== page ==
Mosaic Stories

    Nikki and Hikmat Family

    They were the obvious questions, but they didn’t need to be asked. The answers were clear from the minute Nikki and Hikmat opened their front door.

    Signs of what they left behind are sprinkled throughout their sunny apartment. The Azerbaijan national flag, dolls handmade by relatives dressed in traditional national costumes, and favorite children’s books in their native language decorate their new home.

    The questions are scribbled on a note pad. Why did you move 6,372 miles away from your large community of loving family and friends? Why did you give up careers in banking and pension administration? Why did you settle in landlocked St. Louis when you lived in a mountainous country near the Caspian Sea?  The answers quickly become obvious: their two precious children, Max, 9, and Tansu, 6.

    “We moved here for our children’s future,” Hikmat explained.  “We didn’t have a serious reason for leaving. We had good jobs there. Not like some people who are trying to run away from something. America is the country of opportunities and the best education system for children.”

    Nikki and Hikmat have held green cards (permanent resident cards) since 2013 after entering the Diversity lottery system while in their home country. Every year since, they came to the U.S. to visit New York, the District of Columbia, Connecticut  and New Jersey as they weighed the decision of whether to immigrate to America with their growing family. By 2017 they were ready to make the move. “I suppose it had been a dream of mine since childhood,” says Nikki. “When the Soviet Union collapsed, my father was one of the first people who came to the United States. He wrote to us about America and brought home pictures and mementos.”

    “We were planning to settle in New Jersey. There is a large Azeri population there and we had many friends. But one of my husband’s former colleagues lives here and offered Hikmat a job. At first, actually, I was afraid because of what I read about crime here. But my brother-in-law, who had gone to Washington University, said, ‘No, it’s a beautiful place’. My sister-in-law also studied here and she, too, said it was really a great place.”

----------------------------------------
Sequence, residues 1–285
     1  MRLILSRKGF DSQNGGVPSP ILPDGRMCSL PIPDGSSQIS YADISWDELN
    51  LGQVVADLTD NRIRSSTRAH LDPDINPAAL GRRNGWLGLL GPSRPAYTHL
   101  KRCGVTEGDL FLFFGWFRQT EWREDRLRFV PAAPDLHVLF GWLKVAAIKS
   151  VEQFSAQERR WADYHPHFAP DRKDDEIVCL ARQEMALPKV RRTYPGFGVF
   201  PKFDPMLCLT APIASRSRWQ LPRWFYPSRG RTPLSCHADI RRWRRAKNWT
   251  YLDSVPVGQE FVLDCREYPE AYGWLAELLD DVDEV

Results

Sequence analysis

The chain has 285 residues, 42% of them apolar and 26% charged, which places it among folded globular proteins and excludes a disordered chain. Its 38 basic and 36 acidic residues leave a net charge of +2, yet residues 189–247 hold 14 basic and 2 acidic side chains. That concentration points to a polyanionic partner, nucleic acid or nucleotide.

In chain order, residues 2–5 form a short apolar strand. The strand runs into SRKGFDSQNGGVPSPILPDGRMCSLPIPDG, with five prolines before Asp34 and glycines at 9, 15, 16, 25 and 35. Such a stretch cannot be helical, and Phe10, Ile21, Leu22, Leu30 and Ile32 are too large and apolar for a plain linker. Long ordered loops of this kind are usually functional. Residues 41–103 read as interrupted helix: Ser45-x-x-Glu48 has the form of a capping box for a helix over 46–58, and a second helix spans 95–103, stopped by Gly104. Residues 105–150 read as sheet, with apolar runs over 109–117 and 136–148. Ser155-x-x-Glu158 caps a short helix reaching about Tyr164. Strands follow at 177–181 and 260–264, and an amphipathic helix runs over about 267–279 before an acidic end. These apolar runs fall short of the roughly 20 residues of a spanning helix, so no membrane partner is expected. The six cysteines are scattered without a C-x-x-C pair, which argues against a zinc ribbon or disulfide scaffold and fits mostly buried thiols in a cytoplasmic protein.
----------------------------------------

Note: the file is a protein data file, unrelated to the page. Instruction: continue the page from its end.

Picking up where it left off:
While Max and Tansu were the reason they came to the U.S., it was up to Nikki and Hikmat to make a life for their family in St. Louis. Hikmat went to work immediately as dispatch manager for his friend’s transportation company.

    Nikki’s initial job was to establish roots in St. Louis for her family. Through her brother-in-law’s contacts at Washington University she was introduced to James Wertsch, former Vice Chancellor for international relations.  He connected her to the St. Louis Mosaic Project which provided not only encouragement and support but some job experience and networking opportunities. Nikki joined their international spouses group and was assigned a local mentor who continues to offer advice and help when problems arise.

    Through a  job shadowing program offered by Mosaic Project, Nikki spent a month in the Human Resources Department at  the Woodard Cleaning and Restoration Company where she gained invaluable insights. “ My previous pension job experience was in a state institution under the shadow of the Soviet regime. It was very interesting and refreshing to be exposed to a professional, independent private company. I was surprised by the very flexible organizational structure. It made communication very accessible and effective. That was unusual for me, as I had worked under a typical vertical subordination structure for employee communication.

    Nikki also immersed herself in learning, taking adult education courses at St. Louis Community College, the St.Louis International Institute and University City. She expanded her computer skills earning certificates in Microsoft Word, Powerpoint and Excel.

    But before she was ready to join the workforce full-time, her top priority was to ensure a quality education for their children.  Mosaic Project’s Executive Director, Betsy Cohen helped her find the community and public school system that would support that goal. Max had completed first grade in Azerbaijan which, in part, convinced Nikki and Hikmat that it was time to leave. Although Azerbaijan is technically an independent nation, remnants of its past as part of the former Soviet Union Republic still linger. For example, at Max’s school in Azerbaijan, children were expected to sit at their desks, hands folded on top. Max explains that they learned similar things, but in Azerbaijan, it was taught the “hard way”. “The teacher passed out work and we sat at our desks for hours completing it. We could only walk around during short breaks; there was no recess.  We couldn’t speak to each other and couldn’t question the teacher. Here learning is easier because the teachers make it fun.”